I've noticed it with various place, various people, and I feel that if I name names and events, people will focus on that event instead of on what I'm trying to address.
There are a lot of feminist issues out there. There are even more womanist issues. There are points and counterpoints and milestones and setbacks. There are heroes, icons, villians, bloggers, movers, shakers, and trolls. And there is no way for any person to have even the basic knowledge of all of these issues, or to know the best way to address it. Not. Possible.
Partially, that ignorance is built on privelege. The privelege of being white, or cisgender, or make or middle class. But part of it is based on reality.
I feel that most of the feminist bloggers I read do their very best to read up on the issues, be knowledgible about what they post, respectful of the people they're posting about, and open to improvement and criticism. And that is just about all you can ask from someone, in reality.
I see, over and over again, female bloggers trying to support or bring attention to an issue, only to get nasty, exasperated backlash from those most intimately involved in that issue. I see female bloggers turning around and bringing that same attitude to male bloggers. I see them turning it on each other.
There's a continuum with a fine line in it. There's one end, where someone is just reeking with self-satisfaction and privilege, opening a hand to help out these poor folks that don't know enough to come in out of the rain, and since they're so weak and stupid, they should let mama blogger talk for them, and God forbid they dare to say a word about what she says.
And then there's the other end, where a blogger does just about everything they can to educate themselves, demand a respect for the issue, defers to the those most intimately involved, and is STILL castigated for not doing it right, usually with the double whammy of, "YOU HAVE NO IDEA WHAT IT IS LIKE TO BE ME" followed by "A ROCK WOULD BE ABLE TO SEE HOW OBVIOUS YOUR FUCKUP IS." You can't have it both ways. Either your understanding of the world and experiences in it is self-evident, or it is not.
I've done this to people. A specific example I can think of is poverty--so many talking heads talking about the children of teenage mothers, and never actually talking to the child of a teenage mother. I remember talking to someone once about his support of Ronald Reagan and the social policies enacted during his presidency. I lost my mind. "Do you have any idea what it feels like to be so poor, you can't afford jelly? Do have any idea how close we lived to the wire, how it feels to know that your baby daughter needs surgery and so do you, and there's no help, and you hope to god that you can make the bills? DO YOU?!"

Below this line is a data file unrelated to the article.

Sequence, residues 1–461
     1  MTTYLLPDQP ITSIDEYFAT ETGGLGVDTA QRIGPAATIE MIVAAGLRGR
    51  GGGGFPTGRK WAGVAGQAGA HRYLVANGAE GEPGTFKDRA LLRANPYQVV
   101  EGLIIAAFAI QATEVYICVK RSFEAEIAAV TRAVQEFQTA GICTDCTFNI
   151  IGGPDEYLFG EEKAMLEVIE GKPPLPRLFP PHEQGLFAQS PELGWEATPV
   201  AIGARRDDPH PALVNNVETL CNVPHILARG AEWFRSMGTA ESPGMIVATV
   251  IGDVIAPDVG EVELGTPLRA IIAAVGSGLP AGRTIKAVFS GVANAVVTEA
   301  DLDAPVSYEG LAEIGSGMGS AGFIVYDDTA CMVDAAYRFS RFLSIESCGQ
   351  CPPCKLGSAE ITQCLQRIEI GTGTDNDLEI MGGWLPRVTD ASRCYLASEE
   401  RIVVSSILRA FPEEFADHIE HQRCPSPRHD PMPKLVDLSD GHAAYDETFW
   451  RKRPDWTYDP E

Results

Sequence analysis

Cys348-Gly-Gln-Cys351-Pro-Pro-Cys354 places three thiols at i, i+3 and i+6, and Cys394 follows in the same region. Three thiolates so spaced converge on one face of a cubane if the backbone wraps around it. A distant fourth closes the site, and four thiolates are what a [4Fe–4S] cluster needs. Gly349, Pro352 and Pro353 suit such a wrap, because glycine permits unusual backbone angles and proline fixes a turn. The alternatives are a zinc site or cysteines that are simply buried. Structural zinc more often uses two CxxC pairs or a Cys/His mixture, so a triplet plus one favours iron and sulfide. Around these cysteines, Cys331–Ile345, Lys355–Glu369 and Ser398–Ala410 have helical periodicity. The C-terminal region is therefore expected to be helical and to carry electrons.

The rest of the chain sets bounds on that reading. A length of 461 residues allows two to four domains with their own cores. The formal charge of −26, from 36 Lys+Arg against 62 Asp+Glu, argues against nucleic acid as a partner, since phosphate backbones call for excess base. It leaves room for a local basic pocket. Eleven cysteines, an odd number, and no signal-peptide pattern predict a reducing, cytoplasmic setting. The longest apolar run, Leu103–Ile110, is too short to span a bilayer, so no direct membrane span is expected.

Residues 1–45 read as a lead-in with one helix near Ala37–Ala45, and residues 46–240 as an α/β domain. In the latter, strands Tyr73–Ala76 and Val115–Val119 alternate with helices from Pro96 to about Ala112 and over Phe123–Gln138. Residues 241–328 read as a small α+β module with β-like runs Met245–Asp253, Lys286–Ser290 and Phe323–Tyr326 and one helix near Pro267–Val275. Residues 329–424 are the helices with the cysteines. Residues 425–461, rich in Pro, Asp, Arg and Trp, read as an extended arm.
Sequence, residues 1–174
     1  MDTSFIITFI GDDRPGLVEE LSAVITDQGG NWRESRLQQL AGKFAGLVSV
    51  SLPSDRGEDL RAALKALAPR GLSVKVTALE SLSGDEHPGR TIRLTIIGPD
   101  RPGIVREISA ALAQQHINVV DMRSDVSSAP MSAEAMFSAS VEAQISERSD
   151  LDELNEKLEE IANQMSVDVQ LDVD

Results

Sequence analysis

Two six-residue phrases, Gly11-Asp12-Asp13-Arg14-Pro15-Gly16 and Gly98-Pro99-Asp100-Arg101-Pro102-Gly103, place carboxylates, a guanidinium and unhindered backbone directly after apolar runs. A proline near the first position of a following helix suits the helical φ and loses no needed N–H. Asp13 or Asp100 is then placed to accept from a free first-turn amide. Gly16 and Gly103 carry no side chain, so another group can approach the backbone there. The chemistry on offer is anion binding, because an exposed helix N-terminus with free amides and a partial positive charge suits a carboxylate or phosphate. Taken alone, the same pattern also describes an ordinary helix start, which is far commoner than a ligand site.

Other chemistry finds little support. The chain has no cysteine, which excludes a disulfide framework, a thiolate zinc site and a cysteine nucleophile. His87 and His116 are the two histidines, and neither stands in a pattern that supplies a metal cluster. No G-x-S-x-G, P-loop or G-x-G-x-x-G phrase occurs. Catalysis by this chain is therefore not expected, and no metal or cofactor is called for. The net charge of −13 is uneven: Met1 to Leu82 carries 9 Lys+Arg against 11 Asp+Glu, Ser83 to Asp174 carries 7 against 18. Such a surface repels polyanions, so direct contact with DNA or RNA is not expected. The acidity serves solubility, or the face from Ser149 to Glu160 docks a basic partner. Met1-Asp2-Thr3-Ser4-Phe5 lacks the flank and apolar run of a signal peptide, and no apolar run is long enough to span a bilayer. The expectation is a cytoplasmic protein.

And the person said no. And I replied, "WELL, MAYBE YOU SHOULD THINK ABOUT THAT."
Now, how the fuck was he supposed to know that? If he'd said yes, I would have called him a damn liar. If he says no, I'm going to yell at him for being ignorant. The only way he could have avoided being bitched out by me is to have gone through exactly the same life events, or to have put hours and hours into research on rural poverty in the United States in the late 1980s, especially as affecting single mothers, as well as the kind of cutbacks that university programs were undergoing and the pay wage for those who are employed as caretakers in assisted living facilities.
In other words, there's no way he could possibly have known all that. So why did I get angry for him not knowing that? What did I really expect? Do I really think that every person in the US should have this kind of knowledge? I'd sure like it. But it isn't possible, it isn't feasible, and it isn't even reasonable. I have to educate people. Everyone I meet who talking about Ronald Reagan, I have to educate. And that's a SMALL task. I can't even begin to imagine how it would be to undertake educating people about a basic facet of my identity, or trying to assert my humanity and dignity.
It must be tiring. It must be frustrating and exhausting and dehumanizing to have to say the same damn thing over and over to people that you really thought knew better. But the process of education is a never-ending one. And if, for once, your education does not fall on deaf ears, then please speak. They're doing the very, very best they can. Don't be grateful to them. But at least acknowledge that meeting you halfway does not constitute a personally failure on their part. And wishing that they were already on your side does not constitute a failure on yours, either.